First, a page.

“I had never discussed with them my spiritual life; I had never discussed how much God was changing me and how the gospel was impacting the decisions I made.” – Lydia Low-Yeung

You are here because following Jesus is messy and costly, and you’re trying to wade through the muck that is following Jesus while honouring your parents. Or maybe you’re a good friend trying to help your friend through a sticky situation.

Throughout my years involved with P2C-Students, I cannot tell you how many people have come up to me and said, “Lydia, I really want to go on a mission trip, but I am afraid that my parents will hate that idea. What should I do?”

If we were talking in real life, I would invite you to grab a cup of coffee with me, because this isn’t a straightforward or painless kind of conversation. But since you’re reading this online instead of sitting with me in person, this is the time for you to grab a coffee and find a comfortable place to sit, while I go on a rather lengthy monologue/diatribe about missions, and parents, and following Jesus.

No cookie-cutter answers available

Following Jesus on a missions trip (or into full-time vocational ministry) while honouring your parents’ desires for you is not the same process for everyone. Depending on your family background, both cultural and religious, there are many ways this conversation with your parents could go.

Unfortunately, there isn’t a cookie cutter answer to prevent the potential tension between God’s call on your life, and your parents’ desires for your future. (Listen to my own story, as I shared during P2C+ Toronto 2015, to get an idea of what I mean.)

Photo by Gabriel Ting

Six brilliant principles to follow:

Based on my own experience, and countless conversations I have had on this topic, there are some principles, however, that might help with the process of communicating with your parents.

1. Talk about your (spiritual) life with your parents

Regardless of whether your parents are followers of Jesus or not, carve out some time to keep your parents updated on your life on a regular basis. University is a life-changing experience, and though your parents may be savvy enough to observe some of the changes in your life, they aren’t omniscient! They really only know what you’re willing to share with them.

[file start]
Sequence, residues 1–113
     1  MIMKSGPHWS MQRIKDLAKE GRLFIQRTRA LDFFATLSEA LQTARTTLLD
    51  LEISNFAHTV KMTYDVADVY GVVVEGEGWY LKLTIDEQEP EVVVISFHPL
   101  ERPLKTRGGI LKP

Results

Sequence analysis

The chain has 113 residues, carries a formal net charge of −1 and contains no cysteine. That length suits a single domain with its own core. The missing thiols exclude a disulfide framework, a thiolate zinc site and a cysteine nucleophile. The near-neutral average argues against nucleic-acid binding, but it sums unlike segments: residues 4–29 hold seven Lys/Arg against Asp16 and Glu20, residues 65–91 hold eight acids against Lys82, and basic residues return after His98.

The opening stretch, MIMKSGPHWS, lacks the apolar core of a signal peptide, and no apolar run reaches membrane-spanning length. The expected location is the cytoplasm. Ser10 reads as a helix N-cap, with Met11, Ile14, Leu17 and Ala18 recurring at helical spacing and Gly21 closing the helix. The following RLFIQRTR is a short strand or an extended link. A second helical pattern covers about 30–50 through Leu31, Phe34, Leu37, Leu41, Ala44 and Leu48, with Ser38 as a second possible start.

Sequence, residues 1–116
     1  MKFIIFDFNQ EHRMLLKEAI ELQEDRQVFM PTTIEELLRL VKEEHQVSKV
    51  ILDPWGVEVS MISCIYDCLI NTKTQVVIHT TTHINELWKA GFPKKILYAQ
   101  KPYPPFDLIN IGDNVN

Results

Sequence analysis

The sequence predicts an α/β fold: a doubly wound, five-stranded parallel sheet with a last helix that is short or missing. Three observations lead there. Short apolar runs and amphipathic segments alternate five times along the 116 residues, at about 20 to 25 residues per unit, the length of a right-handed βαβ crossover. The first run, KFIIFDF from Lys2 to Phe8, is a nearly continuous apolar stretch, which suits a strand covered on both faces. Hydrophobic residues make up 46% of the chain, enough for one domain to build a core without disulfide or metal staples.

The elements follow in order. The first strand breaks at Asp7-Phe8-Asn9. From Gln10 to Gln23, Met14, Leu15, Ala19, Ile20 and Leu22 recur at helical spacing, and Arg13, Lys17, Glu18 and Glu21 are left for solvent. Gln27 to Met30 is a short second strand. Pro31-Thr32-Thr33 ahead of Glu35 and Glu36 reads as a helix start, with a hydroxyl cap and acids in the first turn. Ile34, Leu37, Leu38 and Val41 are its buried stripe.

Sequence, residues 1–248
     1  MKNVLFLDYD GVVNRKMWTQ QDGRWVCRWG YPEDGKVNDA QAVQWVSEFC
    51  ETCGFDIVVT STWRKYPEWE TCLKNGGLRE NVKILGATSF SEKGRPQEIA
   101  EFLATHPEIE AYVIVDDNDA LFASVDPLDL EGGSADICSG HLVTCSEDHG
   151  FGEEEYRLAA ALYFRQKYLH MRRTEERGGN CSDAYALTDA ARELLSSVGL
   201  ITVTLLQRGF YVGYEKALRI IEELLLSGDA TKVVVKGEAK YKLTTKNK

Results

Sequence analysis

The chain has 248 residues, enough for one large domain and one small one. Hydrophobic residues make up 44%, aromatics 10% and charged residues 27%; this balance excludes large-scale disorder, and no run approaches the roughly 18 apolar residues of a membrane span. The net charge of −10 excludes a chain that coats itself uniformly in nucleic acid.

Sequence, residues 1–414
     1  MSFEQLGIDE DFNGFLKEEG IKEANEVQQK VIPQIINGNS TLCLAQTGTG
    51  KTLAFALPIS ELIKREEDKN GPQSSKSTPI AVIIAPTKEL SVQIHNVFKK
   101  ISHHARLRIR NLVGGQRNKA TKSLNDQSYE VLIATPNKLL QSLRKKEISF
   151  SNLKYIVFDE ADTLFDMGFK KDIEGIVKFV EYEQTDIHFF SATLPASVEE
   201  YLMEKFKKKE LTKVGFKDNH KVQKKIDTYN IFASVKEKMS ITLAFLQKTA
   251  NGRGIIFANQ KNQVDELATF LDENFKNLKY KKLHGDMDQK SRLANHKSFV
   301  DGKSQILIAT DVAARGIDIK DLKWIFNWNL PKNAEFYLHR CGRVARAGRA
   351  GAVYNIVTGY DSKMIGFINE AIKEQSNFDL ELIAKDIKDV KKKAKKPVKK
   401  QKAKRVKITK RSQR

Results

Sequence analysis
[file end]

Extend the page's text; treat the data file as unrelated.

One of the things I regret the most is not sharing with my parents how much of a sacrifice going on missions trips every summer was for me. My parents saw me going on missions trips kind of like a joy-ride, or an “end-of-the-school-year” celebration. I had never discussed with them my spiritual life; I had never discussed how much God was changing me and how the gospel was impacting the decisions I made. Because I never shared these things with them, they saw summer missions trips as being fairly inconsequential.

So, when I finally decided to go into full-time ministry, they were obviously upset; they felt blindsided by my request. They told me that I hadn’t considered things fully, that I didn’t know what I was sacrificing, that I hadn’t thought about my future.

Because these were things that I had fully considered, I felt condescended towards, belittled, and as though they were treating me like a child. In hindsight, I had never really mentioned that I had been considering these things to my parents!

I had spent three years considering full-time ministry, but only started mentioning it to my parents in the last four months of university! There was a lot of miscommunication going on, largely because I had withheld information with my parents for so long!

Which leads me to my next point…

2. Give your parents time to process (and pray for) your request

Over your entire lifetime, you’ve probably had a passion for many fads and passing fancies. Remember Pogs and Furbies? Those were at one point quintessential to your life. You might be thinking, “Yeah, but those were childhood trends! This is not a cursory hobby! This is adulthood and my walk with Jesus!” Your parents, however, have no way of knowing that unless you give them time to process along with you.

What this really means is that you need to plan ahead.

If the deadline for a missions trip application is January 31st and you tell your parents that you want to go on a missions trip on January 30th, they won’t think this is something serious in your life that you’ve contemplated and prayed over. You’re also likely to have a sleepless and volatile night in heated discussion with your parents.

If you let them know about it months in advance and you’re still talking about it come January, this might be an indicator for them that you are being deliberate and thoughtful.

If your parents love Jesus, something you might say is, “I know that right now you don’t seem too eager about the idea, but could we take the next x amount of time to pray about it and to keep an open mind about what God might have planned for me? If this is something God wants, I trust that he will convince you in time, and if not, then one of us could be wrong. It could be me.”

This not only demonstrates prudent planning, but also shows your parents that you are growing in adulthood and humility, instead of being a headstrong and flighty teenager.

Photo by Gabriel Ting

3. Have deliberate conversations with them

Schedule time in to have specific and deliberate conversations about them. Sometimes, in the spur of the moment, things can get heated! It’s better to step back and spend some time praying before having this calibre of conversation with your parents. Make sure that you have good questions to ask them such as, “Why do you feel the way you do?” or “Is there anything I can do to relieve your fears?”

“Often, parents are not on board for a few key reasons. The foremost reason is that they are worried about your safety and security.” – Lydia

Try to see things from their perspective.

Often, parents are not on board for a few key reasons. The foremost reason is that they are worried about your safety and security.